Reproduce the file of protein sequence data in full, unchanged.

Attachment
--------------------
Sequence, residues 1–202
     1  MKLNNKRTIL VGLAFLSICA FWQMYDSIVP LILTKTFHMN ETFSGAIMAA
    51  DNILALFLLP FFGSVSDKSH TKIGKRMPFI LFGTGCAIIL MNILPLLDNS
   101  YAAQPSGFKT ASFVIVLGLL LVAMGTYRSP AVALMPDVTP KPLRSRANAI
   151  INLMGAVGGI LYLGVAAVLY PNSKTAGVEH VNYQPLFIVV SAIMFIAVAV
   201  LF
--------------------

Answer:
Sequence, residues 1–202
     1  MKLNNKRTIL VGLAFLSICA FWQMYDSIVP LILTKTFHMN ETFSGAIMAA
    51  DNILALFLLP FFGSVSDKSH TKIGKRMPFI LFGTGCAIIL MNILPLLDNS
   101  YAAQPSGFKT ASFVIVLGLL LVAMGTYRSP AVALMPDVTP KPLRSRANAI
   151  INLMGAVGGI LYLGVAAVLY PNSKTAGVEH VNYQPLFIVV SAIMFIAVAV
   201  LF